Society and Identity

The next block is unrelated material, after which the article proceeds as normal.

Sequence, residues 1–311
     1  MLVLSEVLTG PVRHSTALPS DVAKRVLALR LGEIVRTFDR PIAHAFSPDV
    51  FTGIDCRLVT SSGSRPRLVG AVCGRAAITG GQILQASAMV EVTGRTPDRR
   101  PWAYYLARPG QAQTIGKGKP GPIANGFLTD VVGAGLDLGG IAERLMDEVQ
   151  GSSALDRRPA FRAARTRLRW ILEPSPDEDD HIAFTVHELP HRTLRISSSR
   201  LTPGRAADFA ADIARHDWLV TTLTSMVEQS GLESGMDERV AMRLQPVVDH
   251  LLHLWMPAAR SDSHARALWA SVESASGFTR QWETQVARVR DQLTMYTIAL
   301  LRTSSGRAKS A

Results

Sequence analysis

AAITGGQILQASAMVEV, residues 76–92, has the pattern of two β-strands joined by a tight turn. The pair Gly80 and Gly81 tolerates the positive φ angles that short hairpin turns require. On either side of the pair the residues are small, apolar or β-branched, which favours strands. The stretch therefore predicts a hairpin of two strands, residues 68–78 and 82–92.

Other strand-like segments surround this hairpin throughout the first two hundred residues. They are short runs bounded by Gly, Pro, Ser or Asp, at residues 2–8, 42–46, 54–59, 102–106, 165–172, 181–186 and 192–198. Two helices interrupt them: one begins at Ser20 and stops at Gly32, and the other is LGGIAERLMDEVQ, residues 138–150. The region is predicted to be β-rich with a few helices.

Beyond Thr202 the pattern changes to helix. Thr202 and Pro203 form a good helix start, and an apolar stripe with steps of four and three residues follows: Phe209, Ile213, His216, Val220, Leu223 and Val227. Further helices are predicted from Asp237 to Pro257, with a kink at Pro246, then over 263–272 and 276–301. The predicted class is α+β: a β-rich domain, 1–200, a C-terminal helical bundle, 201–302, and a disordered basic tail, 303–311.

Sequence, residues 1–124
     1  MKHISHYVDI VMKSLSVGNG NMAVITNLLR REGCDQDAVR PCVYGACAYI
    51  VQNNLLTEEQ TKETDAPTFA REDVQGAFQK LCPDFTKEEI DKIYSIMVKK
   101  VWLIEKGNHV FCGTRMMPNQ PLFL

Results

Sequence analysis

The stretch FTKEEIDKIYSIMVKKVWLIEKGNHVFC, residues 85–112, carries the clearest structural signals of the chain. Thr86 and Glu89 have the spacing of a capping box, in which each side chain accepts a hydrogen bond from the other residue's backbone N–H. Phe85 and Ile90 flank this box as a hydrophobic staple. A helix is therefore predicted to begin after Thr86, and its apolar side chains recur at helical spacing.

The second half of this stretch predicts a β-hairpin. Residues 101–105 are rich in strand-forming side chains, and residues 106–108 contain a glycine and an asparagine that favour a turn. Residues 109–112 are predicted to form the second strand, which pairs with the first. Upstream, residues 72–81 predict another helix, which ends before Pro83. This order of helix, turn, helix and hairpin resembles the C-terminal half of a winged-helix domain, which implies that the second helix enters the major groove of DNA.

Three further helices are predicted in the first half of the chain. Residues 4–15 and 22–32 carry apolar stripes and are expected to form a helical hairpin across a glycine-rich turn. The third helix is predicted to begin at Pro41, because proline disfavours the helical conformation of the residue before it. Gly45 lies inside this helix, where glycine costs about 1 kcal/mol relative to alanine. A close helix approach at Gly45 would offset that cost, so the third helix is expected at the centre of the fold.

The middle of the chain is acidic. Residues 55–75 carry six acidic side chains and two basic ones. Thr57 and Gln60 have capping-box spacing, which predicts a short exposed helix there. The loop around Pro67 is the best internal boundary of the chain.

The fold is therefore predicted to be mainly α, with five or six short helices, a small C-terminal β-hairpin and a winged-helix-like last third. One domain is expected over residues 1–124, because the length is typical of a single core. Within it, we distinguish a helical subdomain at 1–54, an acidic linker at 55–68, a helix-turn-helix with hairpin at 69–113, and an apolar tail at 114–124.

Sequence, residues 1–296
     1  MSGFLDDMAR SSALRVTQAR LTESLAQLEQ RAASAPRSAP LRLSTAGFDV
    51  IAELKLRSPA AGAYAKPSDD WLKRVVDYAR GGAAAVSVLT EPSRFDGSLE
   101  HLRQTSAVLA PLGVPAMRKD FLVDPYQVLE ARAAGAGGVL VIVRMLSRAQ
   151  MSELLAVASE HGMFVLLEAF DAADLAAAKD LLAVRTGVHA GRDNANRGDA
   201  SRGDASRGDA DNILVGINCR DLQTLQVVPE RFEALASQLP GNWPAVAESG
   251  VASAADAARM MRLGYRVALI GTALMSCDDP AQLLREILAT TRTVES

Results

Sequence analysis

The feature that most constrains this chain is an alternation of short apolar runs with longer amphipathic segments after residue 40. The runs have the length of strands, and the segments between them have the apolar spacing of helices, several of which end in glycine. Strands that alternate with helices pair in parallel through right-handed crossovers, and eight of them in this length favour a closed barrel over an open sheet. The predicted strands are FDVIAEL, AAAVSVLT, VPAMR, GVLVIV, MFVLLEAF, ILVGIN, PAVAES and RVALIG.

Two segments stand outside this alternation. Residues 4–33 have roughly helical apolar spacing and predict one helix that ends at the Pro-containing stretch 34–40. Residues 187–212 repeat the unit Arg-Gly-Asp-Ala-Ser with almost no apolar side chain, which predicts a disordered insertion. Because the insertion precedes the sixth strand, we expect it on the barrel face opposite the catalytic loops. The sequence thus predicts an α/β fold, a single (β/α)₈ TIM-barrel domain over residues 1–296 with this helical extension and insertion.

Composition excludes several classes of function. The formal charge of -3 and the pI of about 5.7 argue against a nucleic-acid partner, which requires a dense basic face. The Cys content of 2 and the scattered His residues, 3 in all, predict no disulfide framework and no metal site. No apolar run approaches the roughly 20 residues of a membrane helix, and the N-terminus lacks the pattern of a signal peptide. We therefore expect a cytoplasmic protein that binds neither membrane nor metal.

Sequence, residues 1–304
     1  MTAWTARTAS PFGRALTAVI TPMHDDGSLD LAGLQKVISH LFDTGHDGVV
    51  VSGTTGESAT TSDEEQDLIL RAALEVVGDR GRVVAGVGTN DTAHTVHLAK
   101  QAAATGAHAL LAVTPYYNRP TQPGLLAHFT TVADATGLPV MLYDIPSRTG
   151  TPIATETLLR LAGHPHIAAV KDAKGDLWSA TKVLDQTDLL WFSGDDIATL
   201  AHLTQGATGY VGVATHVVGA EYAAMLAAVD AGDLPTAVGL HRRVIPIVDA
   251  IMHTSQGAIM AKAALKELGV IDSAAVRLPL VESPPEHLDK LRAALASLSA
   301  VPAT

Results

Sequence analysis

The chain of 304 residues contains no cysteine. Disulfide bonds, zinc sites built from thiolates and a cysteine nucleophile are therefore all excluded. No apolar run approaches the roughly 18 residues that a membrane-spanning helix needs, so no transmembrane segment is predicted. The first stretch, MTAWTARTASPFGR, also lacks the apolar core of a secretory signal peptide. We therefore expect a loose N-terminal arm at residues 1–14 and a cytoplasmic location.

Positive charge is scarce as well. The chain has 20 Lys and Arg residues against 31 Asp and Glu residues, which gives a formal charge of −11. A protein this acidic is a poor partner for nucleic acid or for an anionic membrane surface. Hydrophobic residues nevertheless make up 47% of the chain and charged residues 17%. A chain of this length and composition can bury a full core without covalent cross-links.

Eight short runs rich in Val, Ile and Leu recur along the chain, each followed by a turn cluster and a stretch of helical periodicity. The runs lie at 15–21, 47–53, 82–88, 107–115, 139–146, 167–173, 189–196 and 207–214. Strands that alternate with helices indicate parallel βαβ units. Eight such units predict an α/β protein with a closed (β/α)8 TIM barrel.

“Can the subaltern speak?” The question has been haunting the postcolonial academia for decades giving rise to ceaseless arguments and counter-arguments. Keeping it as the theoretical framework, this paper aims at analysing the representations of Dalit lives in Hindi films. Although many Bollywood/Hindi films have included the Dalits (in other words, the erstwhile untouchable community of India) as integral part of their narratives, very few have, in fact, attempted to portray the contrasting shades of Dalit lives through a politically-nuanced language. However, those ‘nuanced’ portrayals are also not unproblematic. Do these apparently ‘caste-sensitive’ films truly represent what the excluded voices from the ‘periphery’ want to say? Or, they simply act as mouthpiece for the ‘privileged Centre’- be it the high caste or the Dalit Brahmins? Questions such as these, point at the complex relationship that a social issue like caste fosters with the media- especially Hindi films. Drawing examples from both mainstream and parallel Hindi films as well as documentaries, this paper discusses the problems of representation of Dalit lives on celluloid and the question of responsibility that such representations raise. It problematizes the portrayal of Dalits as “ventriloquized” subalterns and simultaneously questions the rigidity of the definition of such terms as “Centre” and “Margin”. In the final analysis, this paper wishes to explore the potentiality of these Hindi films in initiating a productive communication between the “Centre” and the “Margin”.